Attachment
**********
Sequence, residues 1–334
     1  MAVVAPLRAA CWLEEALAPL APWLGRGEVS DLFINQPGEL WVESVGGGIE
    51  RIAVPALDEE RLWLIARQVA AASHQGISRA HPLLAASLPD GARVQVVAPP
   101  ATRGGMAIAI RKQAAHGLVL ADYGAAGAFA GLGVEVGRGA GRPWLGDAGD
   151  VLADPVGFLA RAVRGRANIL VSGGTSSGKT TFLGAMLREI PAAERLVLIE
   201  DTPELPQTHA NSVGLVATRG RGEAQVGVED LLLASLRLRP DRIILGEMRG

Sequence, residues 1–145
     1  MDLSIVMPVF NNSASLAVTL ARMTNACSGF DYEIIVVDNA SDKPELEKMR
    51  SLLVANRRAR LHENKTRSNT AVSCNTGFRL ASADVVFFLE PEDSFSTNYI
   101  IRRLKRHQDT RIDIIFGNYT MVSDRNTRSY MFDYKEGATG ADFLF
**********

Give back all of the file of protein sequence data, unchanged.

Sequence, residues 1–334
     1  MAVVAPLRAA CWLEEALAPL APWLGRGEVS DLFINQPGEL WVESVGGGIE
    51  RIAVPALDEE RLWLIARQVA AASHQGISRA HPLLAASLPD GARVQVVAPP
   101  ATRGGMAIAI RKQAAHGLVL ADYGAAGAFA GLGVEVGRGA GRPWLGDAGD
   151  VLADPVGFLA RAVRGRANIL VSGGTSSGKT TFLGAMLREI PAAERLVLIE
   201  DTPELPQTHA NSVGLVATRG RGEAQVGVED LLLASLRLRP DRIILGEMRG

Sequence, residues 1–145
     1  MDLSIVMPVF NNSASLAVTL ARMTNACSGF DYEIIVVDNA SDKPELEKMR
    51  SLLVANRRAR LHENKTRSNT AVSCNTGFRL ASADVVFFLE PEDSFSTNYI
   101  IRRLKRHQDT RIDIIFGNYT MVSDRNTRSY MFDYKEGATG ADFLF